It may look like a mid-70s prog rock album cover, but this is actually an illustration of the potential future of thermonuclear energy production in progress.
The image comes from the National Ignition Facility, which opened this week in California and aims to use lasers to turn tiny pellets of hydrogen into thermonuclear energy, as the UK Guardian newspaper explains:
Inside the building, scientists will use the world's most powerful laser to create 192 separate beams of light that will be directed at a bead of frozen hydrogen in a violent burst lasting five billionths of a second. Each fuel pellet measures just two millimetres across but costs around $40,000, because they must be perfectly spherical to ensure they collapse properly when the laser light strikes.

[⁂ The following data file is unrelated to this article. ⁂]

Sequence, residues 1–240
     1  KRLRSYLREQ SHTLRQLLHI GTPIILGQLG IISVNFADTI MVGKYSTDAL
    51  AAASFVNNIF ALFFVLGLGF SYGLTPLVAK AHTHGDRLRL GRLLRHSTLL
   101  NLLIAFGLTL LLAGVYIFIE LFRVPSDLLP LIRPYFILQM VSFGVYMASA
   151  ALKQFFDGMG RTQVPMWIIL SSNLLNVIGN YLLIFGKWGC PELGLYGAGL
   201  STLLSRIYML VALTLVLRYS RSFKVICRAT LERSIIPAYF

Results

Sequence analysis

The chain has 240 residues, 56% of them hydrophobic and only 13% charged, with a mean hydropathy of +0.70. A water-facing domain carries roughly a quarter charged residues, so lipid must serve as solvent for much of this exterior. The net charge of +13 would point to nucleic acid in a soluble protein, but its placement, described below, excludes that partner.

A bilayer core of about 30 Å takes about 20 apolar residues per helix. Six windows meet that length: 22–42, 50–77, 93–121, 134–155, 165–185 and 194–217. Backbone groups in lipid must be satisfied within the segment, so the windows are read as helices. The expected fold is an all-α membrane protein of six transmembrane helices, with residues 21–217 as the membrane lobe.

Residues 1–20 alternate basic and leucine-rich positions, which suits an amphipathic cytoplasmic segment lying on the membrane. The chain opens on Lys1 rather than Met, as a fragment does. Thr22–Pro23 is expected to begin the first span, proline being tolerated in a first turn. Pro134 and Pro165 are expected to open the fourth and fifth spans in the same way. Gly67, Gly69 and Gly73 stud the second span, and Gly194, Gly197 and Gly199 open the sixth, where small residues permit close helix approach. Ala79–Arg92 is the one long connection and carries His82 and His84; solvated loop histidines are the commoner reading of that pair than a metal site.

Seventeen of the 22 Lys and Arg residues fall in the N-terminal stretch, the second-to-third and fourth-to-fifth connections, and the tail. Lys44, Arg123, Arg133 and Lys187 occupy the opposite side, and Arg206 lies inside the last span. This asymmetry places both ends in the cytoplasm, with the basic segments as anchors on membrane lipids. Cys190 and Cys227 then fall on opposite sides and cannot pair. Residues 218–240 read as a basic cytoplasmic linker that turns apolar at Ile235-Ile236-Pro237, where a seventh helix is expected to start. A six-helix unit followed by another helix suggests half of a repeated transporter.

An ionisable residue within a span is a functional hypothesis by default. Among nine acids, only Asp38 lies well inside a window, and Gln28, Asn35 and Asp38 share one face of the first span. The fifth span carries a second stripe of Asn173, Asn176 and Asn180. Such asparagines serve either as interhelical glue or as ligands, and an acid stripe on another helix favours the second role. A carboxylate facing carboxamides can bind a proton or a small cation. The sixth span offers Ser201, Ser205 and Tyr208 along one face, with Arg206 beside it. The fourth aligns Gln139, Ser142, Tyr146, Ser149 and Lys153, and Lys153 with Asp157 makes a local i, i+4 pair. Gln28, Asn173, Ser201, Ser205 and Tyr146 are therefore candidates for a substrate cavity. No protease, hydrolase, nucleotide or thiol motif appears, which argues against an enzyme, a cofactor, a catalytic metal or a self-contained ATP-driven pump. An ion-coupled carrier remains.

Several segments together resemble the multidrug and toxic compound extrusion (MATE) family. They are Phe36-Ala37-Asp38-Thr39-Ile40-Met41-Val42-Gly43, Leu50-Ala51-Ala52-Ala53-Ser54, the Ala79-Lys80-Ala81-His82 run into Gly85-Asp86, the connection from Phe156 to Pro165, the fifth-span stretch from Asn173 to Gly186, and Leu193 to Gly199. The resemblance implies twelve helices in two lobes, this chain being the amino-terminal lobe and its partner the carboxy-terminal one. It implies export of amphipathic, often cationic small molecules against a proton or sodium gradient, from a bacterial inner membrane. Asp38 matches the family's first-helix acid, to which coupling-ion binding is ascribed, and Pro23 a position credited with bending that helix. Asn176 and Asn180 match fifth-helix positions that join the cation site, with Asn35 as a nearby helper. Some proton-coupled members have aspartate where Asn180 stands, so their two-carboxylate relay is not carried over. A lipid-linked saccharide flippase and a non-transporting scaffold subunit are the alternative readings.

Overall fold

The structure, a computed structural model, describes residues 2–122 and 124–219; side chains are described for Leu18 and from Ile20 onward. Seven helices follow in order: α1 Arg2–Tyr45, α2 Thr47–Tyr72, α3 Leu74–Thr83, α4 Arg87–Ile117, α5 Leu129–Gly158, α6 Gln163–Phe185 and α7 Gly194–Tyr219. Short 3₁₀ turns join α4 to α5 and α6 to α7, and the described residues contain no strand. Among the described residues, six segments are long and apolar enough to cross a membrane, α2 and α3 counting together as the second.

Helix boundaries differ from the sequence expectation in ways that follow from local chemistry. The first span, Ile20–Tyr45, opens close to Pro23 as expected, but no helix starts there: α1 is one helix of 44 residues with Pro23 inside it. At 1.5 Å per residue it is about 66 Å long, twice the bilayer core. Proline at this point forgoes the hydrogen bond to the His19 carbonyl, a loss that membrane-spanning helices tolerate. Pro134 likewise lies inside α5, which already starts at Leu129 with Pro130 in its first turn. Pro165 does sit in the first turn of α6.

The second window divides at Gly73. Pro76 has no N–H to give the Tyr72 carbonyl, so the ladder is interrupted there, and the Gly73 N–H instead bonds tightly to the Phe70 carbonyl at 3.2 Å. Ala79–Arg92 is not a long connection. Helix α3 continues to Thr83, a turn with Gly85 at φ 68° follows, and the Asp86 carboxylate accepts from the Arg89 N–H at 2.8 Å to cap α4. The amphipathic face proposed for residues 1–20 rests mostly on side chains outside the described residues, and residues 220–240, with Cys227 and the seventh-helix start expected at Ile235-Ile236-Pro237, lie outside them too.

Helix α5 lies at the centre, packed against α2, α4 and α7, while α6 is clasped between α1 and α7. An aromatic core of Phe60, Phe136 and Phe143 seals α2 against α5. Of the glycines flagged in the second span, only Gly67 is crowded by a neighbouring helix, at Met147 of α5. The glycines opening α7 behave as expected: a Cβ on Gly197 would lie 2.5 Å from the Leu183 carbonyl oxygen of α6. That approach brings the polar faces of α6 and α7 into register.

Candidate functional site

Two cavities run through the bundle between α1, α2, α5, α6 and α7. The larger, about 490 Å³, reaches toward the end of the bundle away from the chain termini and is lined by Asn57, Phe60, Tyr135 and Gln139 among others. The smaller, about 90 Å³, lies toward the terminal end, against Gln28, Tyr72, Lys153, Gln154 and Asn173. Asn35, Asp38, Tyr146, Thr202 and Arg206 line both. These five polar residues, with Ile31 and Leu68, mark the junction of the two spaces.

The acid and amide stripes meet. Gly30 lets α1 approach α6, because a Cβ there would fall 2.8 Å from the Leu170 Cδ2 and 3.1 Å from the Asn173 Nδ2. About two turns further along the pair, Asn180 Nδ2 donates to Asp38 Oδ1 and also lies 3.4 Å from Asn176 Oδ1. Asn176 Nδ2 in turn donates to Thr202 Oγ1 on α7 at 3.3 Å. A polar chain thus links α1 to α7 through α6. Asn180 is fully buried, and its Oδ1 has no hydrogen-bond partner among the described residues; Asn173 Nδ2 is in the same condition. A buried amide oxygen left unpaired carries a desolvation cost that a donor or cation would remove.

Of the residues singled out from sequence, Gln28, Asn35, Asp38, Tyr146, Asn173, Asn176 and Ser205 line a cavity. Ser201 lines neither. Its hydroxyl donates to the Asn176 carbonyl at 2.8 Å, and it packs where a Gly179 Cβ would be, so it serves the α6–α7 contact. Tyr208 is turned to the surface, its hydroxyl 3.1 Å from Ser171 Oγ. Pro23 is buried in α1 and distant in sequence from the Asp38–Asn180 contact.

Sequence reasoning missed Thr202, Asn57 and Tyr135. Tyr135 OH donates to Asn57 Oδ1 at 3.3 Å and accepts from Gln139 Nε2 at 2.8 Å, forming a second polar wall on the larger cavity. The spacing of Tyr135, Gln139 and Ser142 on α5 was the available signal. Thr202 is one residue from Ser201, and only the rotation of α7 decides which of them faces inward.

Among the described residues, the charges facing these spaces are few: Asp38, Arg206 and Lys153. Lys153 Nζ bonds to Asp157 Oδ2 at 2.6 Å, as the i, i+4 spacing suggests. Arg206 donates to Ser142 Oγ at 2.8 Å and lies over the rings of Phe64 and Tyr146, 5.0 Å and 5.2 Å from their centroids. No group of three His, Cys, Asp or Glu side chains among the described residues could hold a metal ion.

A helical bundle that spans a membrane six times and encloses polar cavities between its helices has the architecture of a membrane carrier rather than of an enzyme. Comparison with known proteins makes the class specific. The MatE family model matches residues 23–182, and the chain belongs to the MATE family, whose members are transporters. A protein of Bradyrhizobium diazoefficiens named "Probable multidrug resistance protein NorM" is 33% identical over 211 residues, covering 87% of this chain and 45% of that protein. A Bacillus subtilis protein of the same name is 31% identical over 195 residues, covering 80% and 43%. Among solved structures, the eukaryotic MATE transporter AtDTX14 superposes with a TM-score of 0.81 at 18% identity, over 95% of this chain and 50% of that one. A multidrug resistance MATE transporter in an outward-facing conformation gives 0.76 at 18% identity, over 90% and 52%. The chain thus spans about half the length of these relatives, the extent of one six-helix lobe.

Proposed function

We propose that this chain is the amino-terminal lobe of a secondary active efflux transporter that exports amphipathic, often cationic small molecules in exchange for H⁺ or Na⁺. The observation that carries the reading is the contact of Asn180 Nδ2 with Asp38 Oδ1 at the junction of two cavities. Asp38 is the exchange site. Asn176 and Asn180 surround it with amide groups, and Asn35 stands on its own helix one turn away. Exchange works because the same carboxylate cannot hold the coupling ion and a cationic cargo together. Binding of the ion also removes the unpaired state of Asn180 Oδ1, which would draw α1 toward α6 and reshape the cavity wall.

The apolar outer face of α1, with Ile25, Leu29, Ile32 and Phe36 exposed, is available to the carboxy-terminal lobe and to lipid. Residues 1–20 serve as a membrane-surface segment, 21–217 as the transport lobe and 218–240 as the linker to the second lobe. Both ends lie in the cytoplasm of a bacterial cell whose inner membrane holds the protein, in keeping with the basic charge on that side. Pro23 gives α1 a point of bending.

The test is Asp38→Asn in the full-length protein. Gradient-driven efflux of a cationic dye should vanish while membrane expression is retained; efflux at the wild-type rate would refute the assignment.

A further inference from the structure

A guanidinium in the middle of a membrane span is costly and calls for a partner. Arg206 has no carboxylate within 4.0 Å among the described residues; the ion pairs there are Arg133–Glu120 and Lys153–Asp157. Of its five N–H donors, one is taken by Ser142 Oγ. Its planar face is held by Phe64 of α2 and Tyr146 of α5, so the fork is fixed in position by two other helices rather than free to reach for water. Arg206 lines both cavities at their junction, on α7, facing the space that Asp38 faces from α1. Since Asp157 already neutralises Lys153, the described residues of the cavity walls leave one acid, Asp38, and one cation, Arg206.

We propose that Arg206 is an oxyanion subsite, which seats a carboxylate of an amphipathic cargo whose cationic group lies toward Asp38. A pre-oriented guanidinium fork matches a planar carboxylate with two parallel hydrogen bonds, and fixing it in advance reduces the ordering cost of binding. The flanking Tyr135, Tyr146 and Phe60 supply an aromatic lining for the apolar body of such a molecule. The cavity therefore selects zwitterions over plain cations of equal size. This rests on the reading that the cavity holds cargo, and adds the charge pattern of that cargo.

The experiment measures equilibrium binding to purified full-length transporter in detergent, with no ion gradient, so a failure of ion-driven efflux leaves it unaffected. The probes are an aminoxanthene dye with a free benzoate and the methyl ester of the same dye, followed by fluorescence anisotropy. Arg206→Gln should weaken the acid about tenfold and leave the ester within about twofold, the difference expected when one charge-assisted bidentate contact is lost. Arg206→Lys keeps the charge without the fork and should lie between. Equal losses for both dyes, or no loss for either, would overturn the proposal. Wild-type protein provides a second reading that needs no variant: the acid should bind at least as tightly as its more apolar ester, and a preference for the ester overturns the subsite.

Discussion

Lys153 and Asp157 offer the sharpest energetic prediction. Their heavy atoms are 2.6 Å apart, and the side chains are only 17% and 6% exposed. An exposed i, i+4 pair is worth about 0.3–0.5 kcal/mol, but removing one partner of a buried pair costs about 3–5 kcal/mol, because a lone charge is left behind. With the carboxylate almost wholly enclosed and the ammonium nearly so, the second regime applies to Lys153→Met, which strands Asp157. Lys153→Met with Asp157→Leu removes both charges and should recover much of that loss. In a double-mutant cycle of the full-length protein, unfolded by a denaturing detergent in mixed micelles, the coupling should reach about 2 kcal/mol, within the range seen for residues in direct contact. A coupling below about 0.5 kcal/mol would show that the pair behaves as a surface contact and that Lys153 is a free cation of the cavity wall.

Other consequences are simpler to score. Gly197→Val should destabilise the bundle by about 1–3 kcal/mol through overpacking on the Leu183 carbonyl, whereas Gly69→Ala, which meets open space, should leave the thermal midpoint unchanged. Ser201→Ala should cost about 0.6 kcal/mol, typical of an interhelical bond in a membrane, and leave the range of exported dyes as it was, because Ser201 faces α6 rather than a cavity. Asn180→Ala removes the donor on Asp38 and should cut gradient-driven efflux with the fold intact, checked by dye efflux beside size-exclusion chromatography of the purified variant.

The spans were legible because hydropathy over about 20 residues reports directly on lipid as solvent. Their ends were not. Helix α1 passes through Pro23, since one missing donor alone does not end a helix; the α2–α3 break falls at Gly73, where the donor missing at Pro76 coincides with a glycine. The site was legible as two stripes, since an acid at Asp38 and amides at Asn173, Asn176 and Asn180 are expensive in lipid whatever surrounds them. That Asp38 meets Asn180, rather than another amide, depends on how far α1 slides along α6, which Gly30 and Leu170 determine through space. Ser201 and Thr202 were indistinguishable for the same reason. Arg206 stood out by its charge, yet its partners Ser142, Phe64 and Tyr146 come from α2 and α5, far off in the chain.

The intense beams produce a powerful shockwave that crunches the fuel pellet at a million miles an hour, generating temperatures of around 100,000,000C. Under such extreme conditions, which are found only in the core of stars, the hydrogen atoms will fuse, producing helium and vast amounts of energy.
Don't expect a speedy answer as to whether the theory will hold up in practice; the experiments - which are scheduled to continue until 2040 - will not even reach full intensity for another 12 months. But, considering that it's taken almost 15 years to get the facility built, I'm assuming that everyone involved is already fine with the patience thing.
California fires up laser fusion machine [Guardian.co.uk]